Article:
Best Things to Do in Trieste Italy - Antico Caffè Torinese

Caffè Torinese

During that time, an impressive amount of cafés were built, becoming a place for artists and intellectuals to socialize and find inspiration. Kafka, Freud, and Svevo all had their favourite café in Trieste, and it is said that James Joice came up with the idea for Ulysses while drinking cappuccino in Trieste. Caffè San Marco, Caffè Tommaseo, Caffè Torinese, and Caffè degli Specchi are among the best coffeehouses in Trieste to choose from.

Don’t miss: The locals use a coffee terminology that’s unique to the city. The espresso in Trieste is called a nero, the coffee with milk is called a capo, and the cappuccino is a caffelatte. Brush up on your Italian and learn how to order food and drink in Italian.

6. Indulge in a traditional dessert at Pasticceria La Bomboniera

Best Things to Do in Trieste Italy - Pasticceria La Bomboniera Best Things to Do in Trieste Italy - Biscuits at Pasticceria La BombonieraTake a step back in time at Trieste’s most famous patisserie. The “La Bomboniera” pastry shop was founded in 1836 by a Jewish family during the Austro-Hungarian Empire. Set in a beautifully designed Art Nouveau shop which offer locals a variety of decadent desserts based on Austro-Hungarian tradition.

Each display case is filled with homemade cakes all baked in their original wood-fired oven, the only one of its kind in Italy. Choose from the following:

  • Torta Rigojancsi – A traditional Hungarian cube-shaped chocolate sponge cake and chocolate cream pastry named after a famous Hungarian violinist Jansci Rigò.
  • Pischinger – A cake consisting of layers of thin wafers and chocolate filling.
  • Torta Sacher – A chocolate cake, or torte of Austrian origin, invented by Franz Sacher in 1832 for Prince Metternich in Vienna.
  • Torta Linzer – Named after the city of Linz in Australia, this traditional Austrian pastry is topped with fruit preserves and sliced nuts with a lattice design on top.
  • Presnitz – The most famous is the Presnitz, a circular-shaped strudel made with pastry dough and filled with a mix of hazelnuts, walnuts, almonds, pinenuts, prunes, dried figs, dried apricots, raisins, eggs, sugar, cinnamon, cloves, a touch of dark chocolate, and sometimes also with coffee and rum or marsala. As the story goes, the circular design of the cake is said to have had an inscription that read “se giri il mondo, ritorna qui” (“if you travel around the world, come back here”)

Other items to look out for are Jewish marzipan desserts, “fave dei morti” almond biscuits, and white and brown chequerboard mandorlati almond biscuits. The list goes on!

7. Go to the beach in Trieste

Best Things to Do in Trieste Italy - Beache in Trieste

Best Things to Do in Trieste Italy - Sunset at Barcola Beach

Barcola Beach at sunset

There’s nothing like going to the beach in Trieste. Not just for the beautiful landscapes, but also for the unique character of some of its most popular lidos.

For a real local experience, El Pedocin beach on the Lantern Pier is a local institution and still has a wall separating the men’s and women’s parts – the only one of its kind in Italy.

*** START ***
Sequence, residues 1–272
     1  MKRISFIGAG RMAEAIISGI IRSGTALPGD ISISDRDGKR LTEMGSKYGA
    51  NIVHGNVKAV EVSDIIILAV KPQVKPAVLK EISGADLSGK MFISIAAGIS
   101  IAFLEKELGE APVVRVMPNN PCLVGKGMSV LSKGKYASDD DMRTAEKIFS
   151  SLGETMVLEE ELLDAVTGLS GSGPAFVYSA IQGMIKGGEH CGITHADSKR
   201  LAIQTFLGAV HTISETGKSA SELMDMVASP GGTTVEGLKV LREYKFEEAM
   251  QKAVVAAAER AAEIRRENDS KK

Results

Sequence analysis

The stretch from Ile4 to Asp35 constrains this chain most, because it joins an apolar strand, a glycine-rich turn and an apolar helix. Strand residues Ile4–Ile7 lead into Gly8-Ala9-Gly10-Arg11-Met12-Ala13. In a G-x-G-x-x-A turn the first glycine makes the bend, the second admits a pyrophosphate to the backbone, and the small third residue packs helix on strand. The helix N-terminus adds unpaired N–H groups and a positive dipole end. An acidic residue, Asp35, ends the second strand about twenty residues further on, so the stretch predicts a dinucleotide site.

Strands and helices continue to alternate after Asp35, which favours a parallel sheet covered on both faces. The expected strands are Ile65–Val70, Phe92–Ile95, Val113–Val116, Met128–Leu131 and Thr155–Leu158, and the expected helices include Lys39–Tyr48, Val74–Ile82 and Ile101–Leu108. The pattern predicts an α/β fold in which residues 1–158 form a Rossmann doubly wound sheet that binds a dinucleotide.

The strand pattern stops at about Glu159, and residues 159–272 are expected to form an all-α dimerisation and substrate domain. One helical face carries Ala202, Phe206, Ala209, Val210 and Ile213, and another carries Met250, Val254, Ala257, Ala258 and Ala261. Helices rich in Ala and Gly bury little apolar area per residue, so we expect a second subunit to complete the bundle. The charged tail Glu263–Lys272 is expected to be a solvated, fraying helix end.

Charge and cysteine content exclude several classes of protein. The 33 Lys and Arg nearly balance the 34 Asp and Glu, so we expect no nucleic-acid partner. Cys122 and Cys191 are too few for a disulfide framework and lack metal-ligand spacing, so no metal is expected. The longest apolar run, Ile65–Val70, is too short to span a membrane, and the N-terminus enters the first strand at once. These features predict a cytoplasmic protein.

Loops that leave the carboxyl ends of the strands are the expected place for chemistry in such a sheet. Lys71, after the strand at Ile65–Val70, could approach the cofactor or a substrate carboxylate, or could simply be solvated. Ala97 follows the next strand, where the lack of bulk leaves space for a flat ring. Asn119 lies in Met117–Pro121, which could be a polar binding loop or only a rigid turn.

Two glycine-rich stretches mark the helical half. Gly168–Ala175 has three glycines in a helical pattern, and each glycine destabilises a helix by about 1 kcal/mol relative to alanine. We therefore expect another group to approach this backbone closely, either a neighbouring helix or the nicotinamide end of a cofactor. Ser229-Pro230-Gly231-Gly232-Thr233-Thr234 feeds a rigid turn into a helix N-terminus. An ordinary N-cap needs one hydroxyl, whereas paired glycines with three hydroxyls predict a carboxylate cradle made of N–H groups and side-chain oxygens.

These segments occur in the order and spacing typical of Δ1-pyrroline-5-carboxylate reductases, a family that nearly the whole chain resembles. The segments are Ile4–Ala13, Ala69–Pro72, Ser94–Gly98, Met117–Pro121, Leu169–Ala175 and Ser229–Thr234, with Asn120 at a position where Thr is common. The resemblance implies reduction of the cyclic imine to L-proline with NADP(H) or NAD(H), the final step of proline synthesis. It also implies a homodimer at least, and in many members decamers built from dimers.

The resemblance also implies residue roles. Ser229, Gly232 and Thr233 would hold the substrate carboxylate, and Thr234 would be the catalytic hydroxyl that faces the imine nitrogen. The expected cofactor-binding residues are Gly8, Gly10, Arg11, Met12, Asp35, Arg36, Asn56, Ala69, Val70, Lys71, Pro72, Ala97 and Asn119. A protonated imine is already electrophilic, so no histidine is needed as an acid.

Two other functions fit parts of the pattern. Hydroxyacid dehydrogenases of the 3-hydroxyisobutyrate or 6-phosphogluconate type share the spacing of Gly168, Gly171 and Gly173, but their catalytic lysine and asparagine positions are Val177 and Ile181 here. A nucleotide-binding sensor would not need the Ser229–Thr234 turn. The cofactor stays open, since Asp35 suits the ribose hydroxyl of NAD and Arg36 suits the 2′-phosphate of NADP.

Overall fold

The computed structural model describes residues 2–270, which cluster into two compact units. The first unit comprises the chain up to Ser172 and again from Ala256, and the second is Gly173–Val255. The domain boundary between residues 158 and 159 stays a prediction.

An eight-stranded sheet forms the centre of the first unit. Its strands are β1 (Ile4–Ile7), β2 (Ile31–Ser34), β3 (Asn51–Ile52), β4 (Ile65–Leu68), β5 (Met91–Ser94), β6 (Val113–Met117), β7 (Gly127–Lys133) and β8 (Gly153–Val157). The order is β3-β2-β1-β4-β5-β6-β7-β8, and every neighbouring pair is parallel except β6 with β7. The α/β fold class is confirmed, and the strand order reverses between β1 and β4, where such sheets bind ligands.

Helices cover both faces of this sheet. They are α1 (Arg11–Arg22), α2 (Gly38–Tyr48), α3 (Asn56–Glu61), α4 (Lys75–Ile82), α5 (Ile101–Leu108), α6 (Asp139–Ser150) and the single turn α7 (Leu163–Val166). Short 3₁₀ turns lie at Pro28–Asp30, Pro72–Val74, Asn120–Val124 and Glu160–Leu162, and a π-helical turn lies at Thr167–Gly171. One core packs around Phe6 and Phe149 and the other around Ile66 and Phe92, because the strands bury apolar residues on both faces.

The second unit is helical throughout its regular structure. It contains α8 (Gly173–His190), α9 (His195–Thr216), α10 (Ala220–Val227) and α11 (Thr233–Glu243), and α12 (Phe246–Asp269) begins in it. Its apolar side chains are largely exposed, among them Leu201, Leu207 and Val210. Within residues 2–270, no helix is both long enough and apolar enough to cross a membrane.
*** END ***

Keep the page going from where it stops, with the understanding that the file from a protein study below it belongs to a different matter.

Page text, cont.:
Another popular beach in Trieste is Barcola, a stretch of concrete (yep, no sand!) backed by pine trees. The same goes for Topolini, where ten semicircular terraces are a favorite among the city’s youth.

Another summer highlight in the city is Ausonia, a beach club from the 1930s complete with a pool, trampolines, and a terrace restaurant. There’s also a pretty beach called Sticco on the way to Miramare Castle. It’s got crystal clear water and retro changing booths.

If you’re travelling with your furry friend, you might want to check out Fido Lido, which offers dog-friendly facilities on Trieste’s outskirts.

Don’t miss: If you’re looking for a beach getaway outside of the city, Sistiana is a great option. About 20 minutes west of Trieste, it has beaches lapped by turquoise water, a pretty harbour, and many shops and restaurants.

8. Visit the Civic Museum of Natural History (Museo di Storia Naturale)

If you visit Trieste with kids or simply love dinosaurs, then the city’s Civic Museum of Natural History should definitely be on your sightseeing list. It’s located just outside the historic center and has 4 million finds gathered over a century. These include the largest and most complete dinosaur discovered in Italy: an impressive 3.6 meter-long Tethyshadros insularis named Antonio which was found almost intact near Trieste.

Among the most interesting exhibits inside the museum ia a section on the evolution of hominids, a zoological room with mammals from all over the world, and a space filled with imposing skeletons of sea animals including Carlotta, a 5.4-meter-long white shark.

Don’t miss: look for the human jaw from over 6,400 years ago in which you can see a dental filling made with beeswax, which represents the world’s oldest example of dental care!

For further information, visit museostorianaturaletrieste.it

9. Marvel at the sheer beauty of Piazza dell’Unità d’Italia

Best Things to Do in Trieste Italy - Town Hall in Piazza Unità d'Italia A dazzling sight in Trieste is Piazza dell’Unità d’Italia, the city’s main square with one side opening onto the Adriatic Sea. Grand and beautiful, it’s the largest sea-facing piazza in Europe. Originally called Piazza San Pietro after a church located there, it was remodelled and renamed several times before getting its current name in 1955 following the city’s annexation to Italy.